Place, publisher, year, edition, pages
BIOSCIENTIFICA LTD, 2019
National Category
Endocrinology and Diabetes
Identifiers
urn:nbn:se:uu:diva-390513 (URN)10.1530/EJE-19-0171 (DOI)000472835100013 ()31176298 (PubMedID)
Funder
Swedish Diabetes AssociationErnfors FoundationEXODIAB - Excellence of Diabetes Research in Sweden
Available from: 2019-08-12 Created: 2019-08-12 Last updated: 2019-08-12Bibliographically approved
Sarsenbayeva, A., Marques-Santos, C. M., Thombare, K., Di Nunzio, G., Almby, K. E., Lundqvist, M. H., . . . Pereira, M. J. (2019). Effects of second-generation antipsychotics on human subcutaneous adipose tissue metabolism. Psychoneuroendocrinology, 110, Article ID 104445.
Open this publication in new window or tab >>Effects of second-generation antipsychotics on human subcutaneous adipose tissue metabolism
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2019 (English)In: Psychoneuroendocrinology, ISSN 0306-4530, E-ISSN 1873-3360, Vol. 110, article id 104445Article in journal (Refereed) Published
Abstract [en]

Objective: Metabolic syndrome is prevalent in up to 50% of schizophrenia patients, which reduces their quality of life and their compliance with the treatment. It is unclear whether metabolic adverse effects of these agents are due to their direct effect on insulin-sensitive tissues or are secondary to increased adiposity. The study aimed to investigate the direct effects of the second-generation antipsychotics olanzapine and aripiprazole on human subcutaneous adipose tissue and isolated adipocyte metabolism.

Methods: Abdominal subcutaneous adipose tissue needle biopsies were taken from 72 healthy subjects (49 F/23 M; age: 19-78 yr; BMI: 20.0-35.6 kg/m(2)). Isolated adipocytes or adipose tissue were respectively pre-incubated short- (30 min) and long-term (24 h, 72 h) with or without olanzapine (0.004 mu M - 20 mu M) and aripiprazole (0.002 mu M - 100 mu M). Pre-incubated adipose tissue was then snap-frozen for mRNA expression analysis of adipokines genes and genes involved in inflammation, adipogenesis, and mitochondrial function. Isolated adipocytes were used to measure basal and insulin-stimulated glucose uptake and lipolysis.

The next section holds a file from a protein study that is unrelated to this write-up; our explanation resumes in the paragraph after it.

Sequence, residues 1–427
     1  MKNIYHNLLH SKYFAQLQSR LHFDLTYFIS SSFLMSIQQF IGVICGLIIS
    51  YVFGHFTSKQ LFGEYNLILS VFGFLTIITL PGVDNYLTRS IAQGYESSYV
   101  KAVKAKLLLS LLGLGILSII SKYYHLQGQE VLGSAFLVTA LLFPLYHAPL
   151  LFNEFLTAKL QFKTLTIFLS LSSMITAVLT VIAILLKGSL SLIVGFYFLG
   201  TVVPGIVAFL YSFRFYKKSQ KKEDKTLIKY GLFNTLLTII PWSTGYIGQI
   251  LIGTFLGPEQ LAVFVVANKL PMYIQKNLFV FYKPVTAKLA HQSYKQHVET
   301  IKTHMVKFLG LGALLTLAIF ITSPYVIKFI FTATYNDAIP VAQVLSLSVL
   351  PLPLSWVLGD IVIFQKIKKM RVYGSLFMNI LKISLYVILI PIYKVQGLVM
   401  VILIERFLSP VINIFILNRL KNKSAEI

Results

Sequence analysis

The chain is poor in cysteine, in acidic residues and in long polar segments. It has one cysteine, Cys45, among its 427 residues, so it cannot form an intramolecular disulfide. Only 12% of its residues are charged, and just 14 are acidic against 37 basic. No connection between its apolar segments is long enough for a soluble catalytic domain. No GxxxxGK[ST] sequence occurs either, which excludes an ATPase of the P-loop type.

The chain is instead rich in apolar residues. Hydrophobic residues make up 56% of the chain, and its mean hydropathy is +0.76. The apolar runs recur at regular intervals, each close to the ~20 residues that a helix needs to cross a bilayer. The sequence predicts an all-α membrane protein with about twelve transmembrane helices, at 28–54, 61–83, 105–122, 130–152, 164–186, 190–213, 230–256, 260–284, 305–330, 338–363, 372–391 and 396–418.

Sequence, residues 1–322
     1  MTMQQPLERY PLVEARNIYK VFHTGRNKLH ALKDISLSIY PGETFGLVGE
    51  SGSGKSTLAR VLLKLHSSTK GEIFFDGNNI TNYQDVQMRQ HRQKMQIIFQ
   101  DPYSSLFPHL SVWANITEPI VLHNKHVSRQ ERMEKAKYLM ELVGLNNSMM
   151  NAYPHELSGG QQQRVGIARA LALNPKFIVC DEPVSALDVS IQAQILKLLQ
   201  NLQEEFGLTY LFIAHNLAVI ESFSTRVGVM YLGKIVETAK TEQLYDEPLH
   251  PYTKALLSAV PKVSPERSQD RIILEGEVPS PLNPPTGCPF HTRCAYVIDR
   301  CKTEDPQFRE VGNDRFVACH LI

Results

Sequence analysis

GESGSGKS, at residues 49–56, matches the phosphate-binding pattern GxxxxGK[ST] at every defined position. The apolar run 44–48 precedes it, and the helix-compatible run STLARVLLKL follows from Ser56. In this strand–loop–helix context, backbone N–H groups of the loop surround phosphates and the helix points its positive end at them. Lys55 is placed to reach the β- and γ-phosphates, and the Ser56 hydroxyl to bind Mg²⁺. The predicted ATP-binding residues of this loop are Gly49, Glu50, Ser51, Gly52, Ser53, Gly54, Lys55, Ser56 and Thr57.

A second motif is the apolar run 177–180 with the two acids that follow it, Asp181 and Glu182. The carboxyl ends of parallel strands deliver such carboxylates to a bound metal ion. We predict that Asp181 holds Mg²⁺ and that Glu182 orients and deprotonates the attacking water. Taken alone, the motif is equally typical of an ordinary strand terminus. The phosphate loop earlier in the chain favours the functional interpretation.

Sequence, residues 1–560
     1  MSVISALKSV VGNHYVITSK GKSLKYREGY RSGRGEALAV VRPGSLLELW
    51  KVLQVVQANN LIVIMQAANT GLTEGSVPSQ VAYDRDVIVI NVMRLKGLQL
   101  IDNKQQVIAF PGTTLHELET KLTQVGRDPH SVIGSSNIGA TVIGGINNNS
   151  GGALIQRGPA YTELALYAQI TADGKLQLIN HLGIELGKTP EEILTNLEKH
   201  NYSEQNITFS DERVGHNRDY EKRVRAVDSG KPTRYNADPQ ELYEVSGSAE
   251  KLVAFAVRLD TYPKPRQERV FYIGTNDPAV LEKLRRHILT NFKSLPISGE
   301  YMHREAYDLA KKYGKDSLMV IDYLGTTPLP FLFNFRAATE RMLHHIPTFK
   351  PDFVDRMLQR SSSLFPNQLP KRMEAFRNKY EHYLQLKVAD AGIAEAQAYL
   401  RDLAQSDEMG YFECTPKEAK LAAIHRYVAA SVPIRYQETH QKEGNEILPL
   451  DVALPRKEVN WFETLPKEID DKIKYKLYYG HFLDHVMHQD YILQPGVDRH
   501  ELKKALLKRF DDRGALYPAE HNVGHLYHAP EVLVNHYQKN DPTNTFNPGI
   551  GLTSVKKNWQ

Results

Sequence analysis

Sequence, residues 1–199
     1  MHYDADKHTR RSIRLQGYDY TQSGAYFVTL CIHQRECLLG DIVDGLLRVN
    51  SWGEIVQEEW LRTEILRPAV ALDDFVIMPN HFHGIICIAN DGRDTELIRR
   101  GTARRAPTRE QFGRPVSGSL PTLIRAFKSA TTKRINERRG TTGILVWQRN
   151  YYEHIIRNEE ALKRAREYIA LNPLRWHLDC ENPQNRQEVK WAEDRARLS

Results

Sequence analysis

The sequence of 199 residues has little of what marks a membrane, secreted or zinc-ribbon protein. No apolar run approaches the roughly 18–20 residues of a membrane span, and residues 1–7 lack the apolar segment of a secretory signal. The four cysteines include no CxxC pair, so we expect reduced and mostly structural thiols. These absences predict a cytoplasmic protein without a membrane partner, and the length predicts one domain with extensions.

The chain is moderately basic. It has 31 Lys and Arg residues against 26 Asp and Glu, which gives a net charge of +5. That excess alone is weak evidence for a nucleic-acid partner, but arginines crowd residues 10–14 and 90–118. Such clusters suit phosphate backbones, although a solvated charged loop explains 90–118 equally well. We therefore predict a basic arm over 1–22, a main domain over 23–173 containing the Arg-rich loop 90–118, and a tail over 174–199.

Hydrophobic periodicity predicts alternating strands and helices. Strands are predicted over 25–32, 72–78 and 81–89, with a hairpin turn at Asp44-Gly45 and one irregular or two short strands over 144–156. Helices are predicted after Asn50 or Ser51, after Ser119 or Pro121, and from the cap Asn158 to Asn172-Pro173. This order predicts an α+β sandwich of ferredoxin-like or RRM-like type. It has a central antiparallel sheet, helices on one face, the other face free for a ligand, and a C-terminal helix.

Results: Acute treatment with a therapeutic concentration of olanzapine decreases basal lipolysis in isolated adipocytes; this effect was not observed after long-term incubation with the drug. Supra-therapeutic concentration of aripiprazole reduced basal and insulin-stimulated glucose uptake after short- and long-term preincubation. Both drugs at supra-therapeutic concentrations downregulated the expression of the pro-inflammatory cytokines IL6 and IL1B genes after 72 h incubation. Similarly, supra-therapeutic concentrations of both drugs and therapeutic concentration of olanzapine, reduced the expression of PPARGC1A, PDK4, and CPT1B genes involved in the regulation of mitochondria] functions. Neither of the antipsychotics affected the expression of the main adipokines LEP and ADIPOQ, genes involved in the regulation of lipid metabolism, LPL and FASN, nor the master adipogenesis regulator, PPARG.

Conclusion: Therapheutic concentrations of olanzapine and aripiprazole have a moderate direct effect on adipocyte lipid and glucose metabolism, respectively. At supra-therapeutic concentrations, both of the antipsychotics seem to act as anti-inflammatory agents and mildly suppressed genes involved in the regulation of mitochondrial functions, which could potentially contribute to metabolic adverse effects. Alternatively, second-generation antipsychotics could induce metabolic side effects via acting on other insulin-sensitive tissues and central nervous system.

Place, publisher, year, edition, pages
PERGAMON-ELSEVIER SCIENCE LTD, 2019
Keywords
Second-generation antipsychotics, Adipose tissue, Glucose metabolism, Lipid metabolism, Mitochondrial dysfunction, Inflammation
National Category
Endocrinology and Diabetes
Identifiers
urn:nbn:se:uu:diva-400415 (URN)10.1016/j.psyneuen.2019.104445 (DOI)000500388600024 ()31563732 (PubMedID)
Funder
Swedish Society for Medical Research (SSMF)Swedish Diabetes AssociationEXODIAB - Excellence of Diabetes Research in Sweden
Available from: 2020-01-02 Created: 2020-01-02 Last updated: 2020-01-02Bibliographically approved